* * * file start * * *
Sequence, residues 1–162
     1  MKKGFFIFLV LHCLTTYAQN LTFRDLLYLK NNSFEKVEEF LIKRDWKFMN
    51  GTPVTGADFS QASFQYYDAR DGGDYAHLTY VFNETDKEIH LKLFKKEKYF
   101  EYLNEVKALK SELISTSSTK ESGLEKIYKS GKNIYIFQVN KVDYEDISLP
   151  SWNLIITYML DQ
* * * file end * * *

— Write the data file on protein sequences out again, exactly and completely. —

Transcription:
Sequence, residues 1–162
     1  MKKGFFIFLV LHCLTTYAQN LTFRDLLYLK NNSFEKVEEF LIKRDWKFMN
    51  GTPVTGADFS QASFQYYDAR DGGDYAHLTY VFNETDKEIH LKLFKKEKYF
   101  EYLNEVKALK SELISTSSTK ESGLEKIYKS GKNIYIFQVN KVDYEDISLP
   151  SWNLIITYML DQ